Eventually, the administration hopes to have fireworks displays and light shows projected on the structure's six-metre (20-foot) high walls at night, Capistrano told reporters.

The ambitious project will involve rehabilitating and reconstructing buildings, as well as developing a riverside area called the Maestranza Park into a mall for upmarket restaurants and shops.

But this endeavour will require tens of millions of dollars in investments which the cash-strapped government cannot afford, so it is hoping the private sector will sign up.

Administration officials have been meeting with some of the country's real estate giants to drum up their interest in investing in the project, and Capistrano said their reactions had been very favourable.

"They are interested in the projects. We feel confident that they will be coming in," he told AFP.

Capistrano said that, although a definitive cost estimate for the renovation had not yet been finalised, the potential investors were not intimidated by the large scope of the project.

"No one said it might cost too much. The reaction when we tell them what these projects are has been very good," he said, adding he hoped to start a bidding process by the end of the year.

The 64-hectare Intramuros area, whose name literally means 'within the walls', served as the heart of Manila's political, religious and cultural life from its founding by Spanish colonial rulers in 1571.

Its 4.2-kilometres of walls surrounded most of the government's offices as well as major churches, schools and trading centres during the three centuries the country was under Spanish rule, which ended in 1898.

It was designed with walls, gates and gun emplacements to protect the Spanish residents from the Filipino masses
, as well as guard the mouth of Manila's main river, the Pasig.

Chinatown was also famously placed within cannonball distance of Intramuros so the Spanish could fire down on the Chinese traders whenever they became too troublesome.

But Intramuros started falling into decline after the Spanish left, with most of the damage occuring during World War II when US forces shelled Japanese troops hiding inside the walls.

Many historic buildings, including nine of the 10 churches within Intramuros, were destroyed in the war. Some of these derelict structures are still standing, a reminder of the area's lost grandeur.

Over the centuries, earthquakes and fires have also taken their toll.

And while Intramuros's value is in its history, modern pressures have continued to erode its structures.

Parts of Intramuros today include a busy commercial and government district, containing several government offices, four major universities and a variety of businesses.

All of this results in congestion, noise, frequent traffic jams and a chronic lack of parking space.

The area also houses more than 3,000 families of squatters who often can be seen asking tourists for alms while their shanties and graffiti mar the image of the walled city, according to Capistrano.

He said the administration had limited power to evict the squatters. Many of them are on private property and are protected by laws designed to help the urban poor.

Tourism professionals operating in the area look forward to the upgrade but question whether the government can deliver amid the deterioration, overcrowding and squalor that have become common in parts of Intramuros.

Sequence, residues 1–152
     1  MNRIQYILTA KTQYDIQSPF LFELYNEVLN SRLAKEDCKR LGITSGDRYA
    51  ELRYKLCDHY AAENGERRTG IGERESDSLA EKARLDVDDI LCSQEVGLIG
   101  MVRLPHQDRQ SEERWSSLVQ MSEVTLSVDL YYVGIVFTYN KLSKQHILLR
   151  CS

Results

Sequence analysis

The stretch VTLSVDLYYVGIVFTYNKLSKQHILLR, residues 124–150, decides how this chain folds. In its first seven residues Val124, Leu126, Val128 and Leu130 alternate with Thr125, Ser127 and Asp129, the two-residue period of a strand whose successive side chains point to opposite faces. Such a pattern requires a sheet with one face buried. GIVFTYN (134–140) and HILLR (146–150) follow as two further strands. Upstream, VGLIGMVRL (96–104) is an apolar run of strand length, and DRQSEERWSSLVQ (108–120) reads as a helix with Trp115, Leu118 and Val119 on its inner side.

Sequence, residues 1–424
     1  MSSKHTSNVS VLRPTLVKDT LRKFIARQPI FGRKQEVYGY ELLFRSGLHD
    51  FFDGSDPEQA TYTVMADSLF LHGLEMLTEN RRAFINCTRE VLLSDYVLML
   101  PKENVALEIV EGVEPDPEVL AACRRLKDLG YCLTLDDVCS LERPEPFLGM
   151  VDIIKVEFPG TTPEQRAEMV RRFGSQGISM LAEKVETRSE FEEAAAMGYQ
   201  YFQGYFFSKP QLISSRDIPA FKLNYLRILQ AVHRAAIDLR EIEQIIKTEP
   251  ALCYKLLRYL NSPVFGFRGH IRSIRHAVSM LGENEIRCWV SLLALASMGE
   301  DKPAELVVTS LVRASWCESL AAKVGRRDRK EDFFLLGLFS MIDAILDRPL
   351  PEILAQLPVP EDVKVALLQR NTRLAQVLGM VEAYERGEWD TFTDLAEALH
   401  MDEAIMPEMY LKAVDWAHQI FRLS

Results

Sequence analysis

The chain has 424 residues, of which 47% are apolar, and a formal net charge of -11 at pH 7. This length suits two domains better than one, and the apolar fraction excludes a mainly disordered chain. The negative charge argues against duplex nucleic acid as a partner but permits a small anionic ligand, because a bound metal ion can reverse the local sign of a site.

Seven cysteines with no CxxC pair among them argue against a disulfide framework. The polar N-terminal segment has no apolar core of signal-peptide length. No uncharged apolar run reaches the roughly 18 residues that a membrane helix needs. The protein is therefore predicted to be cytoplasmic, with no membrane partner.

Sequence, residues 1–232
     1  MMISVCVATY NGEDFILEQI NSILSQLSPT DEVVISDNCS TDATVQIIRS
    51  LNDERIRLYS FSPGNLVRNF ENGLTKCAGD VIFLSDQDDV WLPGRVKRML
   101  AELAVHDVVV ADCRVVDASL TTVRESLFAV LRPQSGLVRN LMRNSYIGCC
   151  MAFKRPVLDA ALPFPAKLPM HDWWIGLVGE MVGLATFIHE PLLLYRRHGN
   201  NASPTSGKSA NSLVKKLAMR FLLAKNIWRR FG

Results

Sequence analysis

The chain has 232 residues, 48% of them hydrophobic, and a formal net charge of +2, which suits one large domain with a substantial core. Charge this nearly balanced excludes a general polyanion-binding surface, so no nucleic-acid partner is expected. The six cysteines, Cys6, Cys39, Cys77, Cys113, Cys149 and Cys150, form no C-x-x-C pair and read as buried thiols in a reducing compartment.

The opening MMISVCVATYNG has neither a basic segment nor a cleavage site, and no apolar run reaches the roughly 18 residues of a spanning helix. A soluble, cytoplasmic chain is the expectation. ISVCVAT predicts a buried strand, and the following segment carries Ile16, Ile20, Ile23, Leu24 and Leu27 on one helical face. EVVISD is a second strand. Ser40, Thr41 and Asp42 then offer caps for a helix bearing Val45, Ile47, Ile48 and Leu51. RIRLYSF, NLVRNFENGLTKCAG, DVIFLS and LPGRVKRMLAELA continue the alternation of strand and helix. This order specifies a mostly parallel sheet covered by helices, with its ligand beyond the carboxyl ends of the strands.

"We need restructuring of the buildings, getting rid of the slumdwellers, beautifying the place. There is so much garbage, there are eyesores," said Jose Mananzan, head of the Intramuros Tourism Council.

Nevertheless, even without private investors, the government has taken the first step, spending 150 million pesos ($3.5 million) to turn the ruined shell of a church into a museum housing religious artifacts, Capistrano said.

Portions of the old historic wall in Maestranza that were torn down in the 1900s have also already been reconstructed through a Japanese grant, he said.

This time, instead of housing gunpowder and cannon balls, the wall's vaulted inner chambers will hopefully house cafes and shops.

More restoration work is underway at the Intramuros's garrison of Fort Santiago, where workers trained under a Spanish government grant are pulling down cement walls and replacing them with more authentic adobe and lime.

Under the Spanish programme, two masons from Mexico taught the Filipinos how to mix lime and shape stone to recreate the original look of the building, which will become the new Intramuros visitors' centre.

"We replaced the old timber that had rotted but we are bringing it back to its original look," said the workers' foreman, Jose de Lara.
I can understand the writer's intention to "deliver the news" about Intramuros. But this is a badly-written article. The writer also did not thoroughly research on the Walled City (see phrases in bold). It has a bad opening paragraph too. Also, the article is so confusing that it doesn't have a center so I don't know what the writer wants to say.

Articles like these aim to make noise and get the attention of stakeholders. But if it's badly-written, I don't think the Ayalas will be convinced.
Wonderboy no está en línea   Reply With Quote


Reply

Tags
manila, philippines

Thread Tools

Posting Rules
You may not post new threads
You may not post replies
You may not post attachments
You may not edit your posts

BB code is On
Smilies are On
[IMG] code is On
HTML code is Off



All times are GMT +2. The time now is 06:16 PM.


Powered by vBulletin® Version 3.8.8 Beta 1
Copyright ©2000 - 2014, vBulletin Solutions, Inc.
Feedback Buttons provided by Advanced Post Thanks / Like v3.2.5 (Pro) - vBulletin Mods & Addons Copyright © 2014 DragonByte Technologies Ltd.

vBulletin Optimisation provided by vB Optimise (Pro) - vBulletin Mods & Addons Copyright © 2014 DragonByte Technologies Ltd.

SkyscraperCity ☆ In Urbanity We trust ☆ about us | privacy policy | DMCA policy

Hosted by Blacksun, dedicated to this site too!
Forum server management by DaiTengu